Looking at pleating diagrams from the previously mentioned books is very helpful as you're doing this next step!
Pin the center back of the pleats to the center back of the bodice. I found this easier to do off the form than on it.
Make a narrow inverted box pleat in the center. Mine is about three-quarters of an inch deep. If you notice, the fabric is already setting itself up for the next pleat!
Make the outer pleat. This should be wider at the top than the bottom. Just futz with it--there's no science to it. The size and shape of this pleat did change over the century, so it's best to look at extant dresses to see how you should shape yours. Just be sure to not make this smooth, as the next pleat sits on top of it!
Make the next pleat. This should sit on top of the first, and allow a little of the first to peek through.
Repeat on the other side! They don't need to be perfect. As long as they're visually similar, you're fine.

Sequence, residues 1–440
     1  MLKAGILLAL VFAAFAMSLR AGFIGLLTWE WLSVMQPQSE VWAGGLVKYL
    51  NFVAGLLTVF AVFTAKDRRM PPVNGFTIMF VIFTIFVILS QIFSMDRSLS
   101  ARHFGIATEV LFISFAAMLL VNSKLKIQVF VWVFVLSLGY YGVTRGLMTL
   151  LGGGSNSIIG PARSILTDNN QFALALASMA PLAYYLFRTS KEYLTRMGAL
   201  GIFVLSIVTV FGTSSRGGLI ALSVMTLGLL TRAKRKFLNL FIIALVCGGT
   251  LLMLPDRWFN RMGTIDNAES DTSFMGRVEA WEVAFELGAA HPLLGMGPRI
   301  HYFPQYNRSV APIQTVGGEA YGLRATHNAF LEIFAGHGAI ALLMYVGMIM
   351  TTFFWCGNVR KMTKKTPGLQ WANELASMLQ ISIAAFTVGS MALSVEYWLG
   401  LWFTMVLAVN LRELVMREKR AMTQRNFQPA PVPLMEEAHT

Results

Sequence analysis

Now, pin the front pieces on. You don't need to match the seamlines. I wanted a slightly smaller look to the back, so I cut my front pieces a little longer. Match the front around the bottom of the armscye, fold the seam allowance under, and pin into place.
You'll notice there's a little leftover at the bottom. Tuck this underneath the back bodice as shown. This will allow you to turn up the bodice edge all the way around the front of the skirt.
Repeat on the other side. Then, using a spaced backstich, sew! I started at the sides and then sewed the center back. Be sure to smooth things out each time you sew--sewing does shift things a little. Trim the neckline edge.
And with that, the back of the dress--well, except for binding the neckline--is done!
As I write this, I've also sewn the sleeves, stomacher, and front skirt pieces to the back. The tutorial will continue soon with the front of the dress!